The White Sox Playoff Road Is Parallel to the Luis Robert Expressway

For the Chicago White Sox and their fans, this past winter was a very different experience than other recent offseasons. While the team more than dipped its toes into the waters of the Manny Machado sweepstakes after 2018 — seemingly signing every free agent who was a relatives, friend, or neighbor of the eventual Padres third baseman — that effort was a targeted strike at a free agent of rare quality. Outside of that chase, the Sox, still in their rebuilding phase, were not particularly aggressive when it came to adding talent in free agency. Kelvin Herrera was the only player signed who received a contract guaranteeing $10 million, and the White Sox are probably second-guessing that one.

This winter changed this tale. The 2019 White Sox were surprisingly competitive throughout the first half of the season and were within a game of .500 as late as early July. Any unrealistic playoff hopes were dashed by a 7-17 July, but that was still the only month of the season during which the team lost at least three more games than they won. This was a mediocre team, but a mediocre team that was at least playing watchable baseball for most of the season. In the end, the team added 10 wins to their 2018 total of 62.

Of note is that the White Sox didn’t net these 10 games from having a bunch of top prospects graduate to the majors. Of the team’s top 30 prospects from last year, only Eloy Jiménez made a positive impact on the team’s win total in 2019. And even Jiménez’s impact was relatively small, as on-base and defensive struggles kept his WAR to a merely adequate 1.9. The White Sox could legitimately point to their improvements and claim that the best was very much yet to come.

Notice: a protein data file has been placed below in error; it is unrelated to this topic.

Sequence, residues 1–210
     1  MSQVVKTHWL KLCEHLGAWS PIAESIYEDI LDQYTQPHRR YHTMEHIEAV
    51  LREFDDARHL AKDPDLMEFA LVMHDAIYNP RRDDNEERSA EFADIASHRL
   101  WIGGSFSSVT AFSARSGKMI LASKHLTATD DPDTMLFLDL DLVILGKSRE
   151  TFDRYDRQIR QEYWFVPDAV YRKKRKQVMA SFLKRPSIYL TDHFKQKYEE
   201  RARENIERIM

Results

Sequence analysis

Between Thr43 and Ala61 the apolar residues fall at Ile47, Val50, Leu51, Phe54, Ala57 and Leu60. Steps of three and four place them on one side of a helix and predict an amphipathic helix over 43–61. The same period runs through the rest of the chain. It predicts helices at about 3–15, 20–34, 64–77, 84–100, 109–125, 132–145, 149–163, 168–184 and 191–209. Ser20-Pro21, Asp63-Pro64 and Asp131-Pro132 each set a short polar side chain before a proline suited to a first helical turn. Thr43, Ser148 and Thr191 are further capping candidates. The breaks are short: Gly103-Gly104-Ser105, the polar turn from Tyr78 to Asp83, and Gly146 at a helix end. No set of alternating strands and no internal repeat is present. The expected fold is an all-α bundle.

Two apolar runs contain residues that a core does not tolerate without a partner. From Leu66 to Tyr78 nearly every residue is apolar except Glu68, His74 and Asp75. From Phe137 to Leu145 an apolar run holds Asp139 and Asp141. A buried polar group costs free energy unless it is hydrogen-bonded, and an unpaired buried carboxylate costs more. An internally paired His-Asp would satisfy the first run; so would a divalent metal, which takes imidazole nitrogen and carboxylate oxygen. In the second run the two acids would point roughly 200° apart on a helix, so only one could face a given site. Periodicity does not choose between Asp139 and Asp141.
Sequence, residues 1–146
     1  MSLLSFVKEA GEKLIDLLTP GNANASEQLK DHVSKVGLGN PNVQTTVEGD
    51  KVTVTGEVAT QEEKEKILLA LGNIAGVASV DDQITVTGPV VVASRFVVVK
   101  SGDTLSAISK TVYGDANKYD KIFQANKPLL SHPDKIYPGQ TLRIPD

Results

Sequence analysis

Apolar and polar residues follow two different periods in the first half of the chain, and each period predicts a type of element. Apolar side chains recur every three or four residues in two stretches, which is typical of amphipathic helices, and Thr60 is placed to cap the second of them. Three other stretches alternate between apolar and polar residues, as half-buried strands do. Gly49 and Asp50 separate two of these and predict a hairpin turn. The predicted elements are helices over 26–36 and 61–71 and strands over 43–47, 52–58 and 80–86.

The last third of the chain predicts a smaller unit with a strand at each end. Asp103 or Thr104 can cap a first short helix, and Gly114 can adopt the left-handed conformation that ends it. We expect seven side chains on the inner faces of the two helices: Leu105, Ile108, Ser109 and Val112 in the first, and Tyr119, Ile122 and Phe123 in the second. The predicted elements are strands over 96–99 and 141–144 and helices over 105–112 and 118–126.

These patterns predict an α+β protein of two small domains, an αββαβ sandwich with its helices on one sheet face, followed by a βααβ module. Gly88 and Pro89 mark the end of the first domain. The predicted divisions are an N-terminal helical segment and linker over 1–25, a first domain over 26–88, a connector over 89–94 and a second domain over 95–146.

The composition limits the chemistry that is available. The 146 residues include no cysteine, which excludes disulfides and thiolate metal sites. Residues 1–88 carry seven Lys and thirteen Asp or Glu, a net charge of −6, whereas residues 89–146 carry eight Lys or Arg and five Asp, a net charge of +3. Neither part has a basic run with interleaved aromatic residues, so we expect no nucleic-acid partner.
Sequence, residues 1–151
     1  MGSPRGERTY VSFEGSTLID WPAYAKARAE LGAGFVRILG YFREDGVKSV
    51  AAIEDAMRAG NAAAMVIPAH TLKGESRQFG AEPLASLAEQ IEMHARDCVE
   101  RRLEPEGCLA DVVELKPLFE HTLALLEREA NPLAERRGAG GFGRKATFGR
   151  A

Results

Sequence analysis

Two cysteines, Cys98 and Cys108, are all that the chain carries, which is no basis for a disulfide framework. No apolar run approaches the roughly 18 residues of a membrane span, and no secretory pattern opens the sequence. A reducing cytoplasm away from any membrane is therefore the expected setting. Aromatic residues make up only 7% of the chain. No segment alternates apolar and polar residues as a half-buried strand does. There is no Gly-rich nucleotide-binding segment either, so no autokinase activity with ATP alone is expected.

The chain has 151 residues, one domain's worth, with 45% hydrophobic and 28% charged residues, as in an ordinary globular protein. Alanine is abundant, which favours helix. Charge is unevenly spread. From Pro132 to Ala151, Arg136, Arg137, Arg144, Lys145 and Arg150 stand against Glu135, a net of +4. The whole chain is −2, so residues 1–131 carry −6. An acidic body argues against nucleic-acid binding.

Tasting the end of the rebuild, the Sox did something that sometimes seems all too rare in baseball today: they aggressively invested in their team to make it better in the near future. In total, the team committed $201 million in guaranteed money to six players: Yasmani Grandal, Dallas Keuchel, Edwin Encarnación, Gio González, and José Abreu, who returned on a new three-year deal. While I was not a fan of Abreu deal, there’s no denying that it’s money spent in a sincere effort to win more games. The team had only spent $209 million in free agency in the previous six offseason combined, and now they were nearly matching that in a single winter.

Is it enough? The projections still place Chicago at a distinct disadvantage compared to the Minnesota Twins and Cleveland Indians. In the first run of the ZiPS projections, the White Sox averaged 82 wins with an 18% chance of postseason baseball, behind the Indians (87 wins, 50% chance) and the Twins (91 wins, 75% chance). The current Steamer/ZiPS combined projections are more optimistic at 85 wins and 30%, but that still leaves the Sox a bit of an underdog.

There are few, if any, free agent signings that could make a difference now — I’d argue that Yasiel Puig would have been a better gamble than Nomar Mazara — so the White Sox will need to rely on their roster’s upside to catch their division rivals. The good news is they have a lot of possible sources for that upside. Ignoring all the free agent additions, Nick Madrigal, one of the team’s top prospects, will be the team’s eventual everyday starter, and Michael Kopech is finally back from Tommy John surgery. Jiménez has a massively high offensive ceiling, and ZiPS has a lot of hope that Dylan Cease will significantly improve on his mehspresso stint in the majors in 2019. But no player’s upside looms as large as Luis Robert’s.